PAC Chairman`s theory queer: PK Bansal
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Last Updated: Sunday, May 01, 2011, 22:05
  
New Delhi: Government on Sunday rejected as "queer theory" PAC Chairman Murli Manohar Joshi's claims that majority does not count in finalising reports of a Parliamentary committee.

"Decision by voting is inherent to democratic functioning of institutions," Parliamentary Affairs Minister PK Bansal said in a statement here.

Bansal accused the BJP of stifling the views of the majority in their "endeavour to malign and vilify the UPA Government on unsubstantiated personal views."

The government's attack on Joshi came on a day he was re-appointed Chairman of the Public Accounts Committee, which went into the 2G spectrum allocation.

His statement was in the wake of Joshi terming as unconstitutional the 'rejection' of the draft report of the PAC contending that numbers were not important and he does not have to go by majority.

"Going by Joshi's queer theory, the entire democratic system would crumble with a minority in Parliament insisting on treating their views as the decision of the Parliament," Bansal said.

The minister cited rules of Parliamentary procedure which state that all questions at any sitting of a committee shall be determined by a majority of votes of members present and voting.

Rule 261 of the Rules of Procedures and Conduct of Business in Lok Sabha states: "All questions at any sitting of a committee shall be determined by a majority of votes of the members present and voting."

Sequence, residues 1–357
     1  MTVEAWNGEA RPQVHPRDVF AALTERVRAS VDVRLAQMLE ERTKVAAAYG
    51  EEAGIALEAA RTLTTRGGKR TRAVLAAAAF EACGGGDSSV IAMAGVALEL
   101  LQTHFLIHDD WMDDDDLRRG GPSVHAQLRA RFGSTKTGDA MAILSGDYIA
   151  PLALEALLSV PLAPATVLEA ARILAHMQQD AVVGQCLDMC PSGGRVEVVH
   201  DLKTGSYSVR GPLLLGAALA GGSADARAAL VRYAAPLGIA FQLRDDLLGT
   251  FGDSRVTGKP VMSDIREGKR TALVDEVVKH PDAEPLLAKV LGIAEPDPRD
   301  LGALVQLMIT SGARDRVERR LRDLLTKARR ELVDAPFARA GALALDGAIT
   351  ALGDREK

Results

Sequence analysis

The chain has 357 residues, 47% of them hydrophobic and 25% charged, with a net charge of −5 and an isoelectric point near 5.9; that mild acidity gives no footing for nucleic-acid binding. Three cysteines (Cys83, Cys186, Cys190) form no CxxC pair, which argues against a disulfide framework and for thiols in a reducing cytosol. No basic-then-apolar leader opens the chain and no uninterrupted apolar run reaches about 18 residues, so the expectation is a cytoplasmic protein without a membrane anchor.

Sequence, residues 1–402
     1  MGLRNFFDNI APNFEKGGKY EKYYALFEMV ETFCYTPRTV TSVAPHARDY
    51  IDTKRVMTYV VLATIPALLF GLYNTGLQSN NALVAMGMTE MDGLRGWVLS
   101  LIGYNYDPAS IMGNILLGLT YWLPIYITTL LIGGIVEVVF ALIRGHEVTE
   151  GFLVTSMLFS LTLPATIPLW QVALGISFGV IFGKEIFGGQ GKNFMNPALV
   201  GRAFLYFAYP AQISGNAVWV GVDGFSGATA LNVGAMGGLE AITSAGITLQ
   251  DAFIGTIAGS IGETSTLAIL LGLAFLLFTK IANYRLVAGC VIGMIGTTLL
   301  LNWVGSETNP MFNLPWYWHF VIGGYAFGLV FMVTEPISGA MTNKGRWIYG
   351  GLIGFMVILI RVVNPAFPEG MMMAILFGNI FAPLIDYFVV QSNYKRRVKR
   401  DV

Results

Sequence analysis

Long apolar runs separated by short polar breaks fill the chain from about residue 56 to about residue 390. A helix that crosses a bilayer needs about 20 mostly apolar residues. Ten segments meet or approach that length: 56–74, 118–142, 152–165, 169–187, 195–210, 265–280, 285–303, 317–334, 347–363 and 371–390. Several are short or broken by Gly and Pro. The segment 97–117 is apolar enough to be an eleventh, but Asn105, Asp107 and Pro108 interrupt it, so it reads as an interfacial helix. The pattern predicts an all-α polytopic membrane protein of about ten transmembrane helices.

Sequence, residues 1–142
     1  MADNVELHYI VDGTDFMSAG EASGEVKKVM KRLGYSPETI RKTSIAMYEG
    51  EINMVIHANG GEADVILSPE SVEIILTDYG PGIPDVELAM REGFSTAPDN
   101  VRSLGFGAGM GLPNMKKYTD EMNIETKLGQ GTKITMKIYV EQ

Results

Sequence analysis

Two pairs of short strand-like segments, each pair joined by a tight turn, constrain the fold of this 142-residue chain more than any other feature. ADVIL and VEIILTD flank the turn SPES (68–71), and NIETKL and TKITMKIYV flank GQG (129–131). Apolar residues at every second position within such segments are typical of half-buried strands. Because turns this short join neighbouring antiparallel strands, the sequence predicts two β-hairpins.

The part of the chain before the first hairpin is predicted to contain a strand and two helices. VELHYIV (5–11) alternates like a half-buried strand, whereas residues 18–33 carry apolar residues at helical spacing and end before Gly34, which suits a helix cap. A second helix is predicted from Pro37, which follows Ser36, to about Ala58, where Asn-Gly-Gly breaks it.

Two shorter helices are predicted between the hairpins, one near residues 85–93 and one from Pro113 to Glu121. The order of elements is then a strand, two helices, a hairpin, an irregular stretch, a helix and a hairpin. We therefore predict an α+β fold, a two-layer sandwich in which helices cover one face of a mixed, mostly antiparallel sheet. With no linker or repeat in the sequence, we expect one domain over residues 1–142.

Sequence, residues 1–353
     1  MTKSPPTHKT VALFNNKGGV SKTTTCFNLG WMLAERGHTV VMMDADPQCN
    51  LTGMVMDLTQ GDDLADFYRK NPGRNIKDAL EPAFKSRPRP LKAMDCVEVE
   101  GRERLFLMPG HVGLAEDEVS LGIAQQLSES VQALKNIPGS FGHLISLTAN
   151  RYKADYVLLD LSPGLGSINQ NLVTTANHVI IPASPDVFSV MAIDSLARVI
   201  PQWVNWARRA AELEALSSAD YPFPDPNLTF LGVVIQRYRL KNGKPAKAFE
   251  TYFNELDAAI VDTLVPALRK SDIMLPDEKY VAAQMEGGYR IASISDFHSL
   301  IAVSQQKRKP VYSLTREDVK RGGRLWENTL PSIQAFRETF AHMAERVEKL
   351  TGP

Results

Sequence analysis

Rule 262 states, "In case of an equality of votes on any matter, the Chairman or the person acting as such, shall have a second or casting vote."

Bansal said, "In his anxiety to hurriedly get the PAC stamp of approval on his draft report, prepared by ignoring or twisting facts, Joshi has chosen to mislead the public by his aforesaid assertions."

He criticised Joshi for addressing press conferences after every PAC meeting saying it violated the rules of procedure.

"The fond indulgence with which Joshi shared the graphic details of each sitting with the media has shattered the spirit of Rule 266 which mandates that 'the sittings of a Committee shall be held in private'," he said.

Bansal said Joshi's actions had brought "grave disrepute" to the august chair of the PAC.

"This breach of established norms continued till the end with the author of the draft report choosing to present it to the media first, and only later to the members of the Committee," he said.

"It is time that instead of continuing to insist on terming the product of predetermined thought and political agenda as the report of the PAC, Joshi and BJP leadership undertake some honest self-introspection and make amends for inflicting a lacerating wound on Indian Democracy," Bansal said.

PTI


First Published: Sunday, May 01, 2011, 22:05


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